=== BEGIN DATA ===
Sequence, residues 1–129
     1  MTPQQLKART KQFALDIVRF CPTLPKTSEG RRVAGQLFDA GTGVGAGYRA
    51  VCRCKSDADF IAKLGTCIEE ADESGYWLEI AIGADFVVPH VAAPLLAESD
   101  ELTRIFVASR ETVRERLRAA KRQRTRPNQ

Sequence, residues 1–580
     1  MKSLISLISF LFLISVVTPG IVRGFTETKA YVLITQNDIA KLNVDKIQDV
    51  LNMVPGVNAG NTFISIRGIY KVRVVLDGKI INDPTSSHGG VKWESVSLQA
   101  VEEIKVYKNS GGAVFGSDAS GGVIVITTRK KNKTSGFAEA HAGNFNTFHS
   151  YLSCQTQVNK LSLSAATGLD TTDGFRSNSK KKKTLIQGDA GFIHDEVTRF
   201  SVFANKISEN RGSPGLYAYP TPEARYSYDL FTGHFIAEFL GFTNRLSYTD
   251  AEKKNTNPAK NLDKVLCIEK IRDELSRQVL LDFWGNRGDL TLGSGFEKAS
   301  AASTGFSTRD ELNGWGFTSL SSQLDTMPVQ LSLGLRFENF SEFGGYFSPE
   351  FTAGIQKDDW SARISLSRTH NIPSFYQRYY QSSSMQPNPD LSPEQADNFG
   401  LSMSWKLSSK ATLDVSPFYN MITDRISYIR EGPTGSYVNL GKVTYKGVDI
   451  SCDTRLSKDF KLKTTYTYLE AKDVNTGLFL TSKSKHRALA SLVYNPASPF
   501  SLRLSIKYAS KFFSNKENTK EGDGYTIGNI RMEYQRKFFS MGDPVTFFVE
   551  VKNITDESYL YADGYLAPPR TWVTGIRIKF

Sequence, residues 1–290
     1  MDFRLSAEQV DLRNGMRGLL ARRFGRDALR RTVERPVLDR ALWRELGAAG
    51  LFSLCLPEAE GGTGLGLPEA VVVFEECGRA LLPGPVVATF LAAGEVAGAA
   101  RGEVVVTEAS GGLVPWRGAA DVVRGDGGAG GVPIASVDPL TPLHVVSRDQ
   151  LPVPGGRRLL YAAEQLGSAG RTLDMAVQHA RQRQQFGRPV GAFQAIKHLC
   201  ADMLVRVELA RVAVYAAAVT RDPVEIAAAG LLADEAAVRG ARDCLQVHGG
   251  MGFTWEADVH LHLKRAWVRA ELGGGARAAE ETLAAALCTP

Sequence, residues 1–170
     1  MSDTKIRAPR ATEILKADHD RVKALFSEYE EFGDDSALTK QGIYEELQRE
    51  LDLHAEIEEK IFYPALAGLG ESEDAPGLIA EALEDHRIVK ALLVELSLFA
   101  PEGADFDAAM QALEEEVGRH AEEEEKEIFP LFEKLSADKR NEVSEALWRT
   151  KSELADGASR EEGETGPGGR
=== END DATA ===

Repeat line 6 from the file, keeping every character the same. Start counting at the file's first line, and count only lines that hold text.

     1  MKSLISLISF LFLISVVTPG IVRGFTETKA YVLITQNDIA KLNVDKIQDV